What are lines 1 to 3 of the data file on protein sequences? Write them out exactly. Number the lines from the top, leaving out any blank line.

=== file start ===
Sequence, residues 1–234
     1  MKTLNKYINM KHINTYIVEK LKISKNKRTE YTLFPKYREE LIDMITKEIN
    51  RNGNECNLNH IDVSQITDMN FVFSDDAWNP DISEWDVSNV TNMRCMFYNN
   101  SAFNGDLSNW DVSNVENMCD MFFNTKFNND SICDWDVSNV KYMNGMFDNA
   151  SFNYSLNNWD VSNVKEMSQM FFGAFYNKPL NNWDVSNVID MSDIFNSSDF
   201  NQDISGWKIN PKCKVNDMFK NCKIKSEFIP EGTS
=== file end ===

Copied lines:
Sequence, residues 1–234
     1  MKTLNKYINM KHINTYIVEK LKISKNKRTE YTLFPKYREE LIDMITKEIN
    51  RNGNECNLNH IDVSQITDMN FVFSDDAWNP DISEWDVSNV TNMRCMFYNN